Henry Livingston, Jr.
Henry Livingston's Prose

For the New-York Magazine
View of the Mohawk River

That part of the Mohawk River which the Plate represents is very remarkable. The traveller sees many miles before him a huge mountain, which apparently frowns over the foaming current. Were it not that a well frequented road leads directly towards it, his faith must infallibly fail, and he would anxiously enquire for another avenue: but the footsteps of the multitude encourage him to proceed. When arrived to where he imagined the mountain meets the river, he discovers a path creeping round fragments of rocks. On one hand, lowrs a precipice too formidable for a catamount to attempt; and on the other, fifty feet directly beneath him, roars the Mohawk. To enhance the sublimity of the business, this xx highway is not passed in half a minute; but the pilgrim is kept most elegantly agitated while he journies at least two hundred yards. The mountain is called Anthony's Nose; and no one ever yet doubled its tremendous cape, and forgot it. Seriously -- it is a pity, that a road perhaps as much traveled as any in the state, and in general an exceedingly good one, should be suffered to remain thus dangerous, when fifty pounds would remove its terrors, and twice that sum render it perfectly smooth.

Perhaps no stream whatever, unnavigable by large vessels, exhibits a more interesting and pleasing scene than the Mohawk from Fort Stanwix to Albany. Its numerous islands, as well as its shores, are generally formed of the most prolific earths: and the gently swelling hills which bound the intervales, wave with magnificent forests, flourishing on a soil perhaps as friendly to human sustenance, as the occasinally inundated part of the country. Clogged with numberless obstructions, as this beautiful river is in its present unimproved state, yet the navigation upon it with open boats is very considerable: but, if the long desired Lock projection succeeds, of which there exists not a doubt, the business transacted on this elegant river of the west will be immense. Barges of pleasure will mix their concerts of harmony with the din of labour and application. The heart of sensibility will glow, at the view of a new world of gladness and exertion rising into being, where, but a few years past, nought was heard but the screams of the panther and hte wolf, or the yells of barbarians still more dismal and terrific.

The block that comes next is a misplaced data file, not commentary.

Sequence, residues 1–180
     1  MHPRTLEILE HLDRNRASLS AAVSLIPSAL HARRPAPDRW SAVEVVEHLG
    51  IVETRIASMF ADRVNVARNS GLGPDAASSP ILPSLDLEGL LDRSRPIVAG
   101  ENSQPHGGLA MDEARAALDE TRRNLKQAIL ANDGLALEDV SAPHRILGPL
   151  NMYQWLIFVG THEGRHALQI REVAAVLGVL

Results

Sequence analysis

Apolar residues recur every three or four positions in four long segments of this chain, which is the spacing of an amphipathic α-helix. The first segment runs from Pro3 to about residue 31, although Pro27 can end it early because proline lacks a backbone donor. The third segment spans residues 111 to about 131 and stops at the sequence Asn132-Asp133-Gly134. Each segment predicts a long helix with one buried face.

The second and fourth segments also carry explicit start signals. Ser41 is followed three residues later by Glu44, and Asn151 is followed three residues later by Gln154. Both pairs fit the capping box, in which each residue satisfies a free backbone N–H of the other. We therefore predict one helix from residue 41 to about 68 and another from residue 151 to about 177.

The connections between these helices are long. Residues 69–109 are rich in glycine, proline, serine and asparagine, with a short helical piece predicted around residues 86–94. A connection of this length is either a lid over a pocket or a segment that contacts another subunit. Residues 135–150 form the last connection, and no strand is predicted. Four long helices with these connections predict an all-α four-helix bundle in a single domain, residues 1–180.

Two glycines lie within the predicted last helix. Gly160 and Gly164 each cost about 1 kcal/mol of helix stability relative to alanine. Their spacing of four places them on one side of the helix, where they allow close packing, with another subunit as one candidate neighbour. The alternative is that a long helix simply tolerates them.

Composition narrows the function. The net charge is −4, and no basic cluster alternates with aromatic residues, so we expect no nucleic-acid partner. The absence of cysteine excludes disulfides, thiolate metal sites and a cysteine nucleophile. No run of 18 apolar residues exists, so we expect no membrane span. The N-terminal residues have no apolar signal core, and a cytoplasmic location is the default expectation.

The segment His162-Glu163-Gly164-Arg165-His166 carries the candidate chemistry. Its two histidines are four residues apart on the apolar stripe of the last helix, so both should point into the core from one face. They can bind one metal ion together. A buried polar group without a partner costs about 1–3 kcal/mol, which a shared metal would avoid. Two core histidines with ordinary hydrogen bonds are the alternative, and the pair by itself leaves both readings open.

New-York Magazine; or, Literary Repository
Mohawk River
Vol. IV No. III, p.130; Mar 1792; by R


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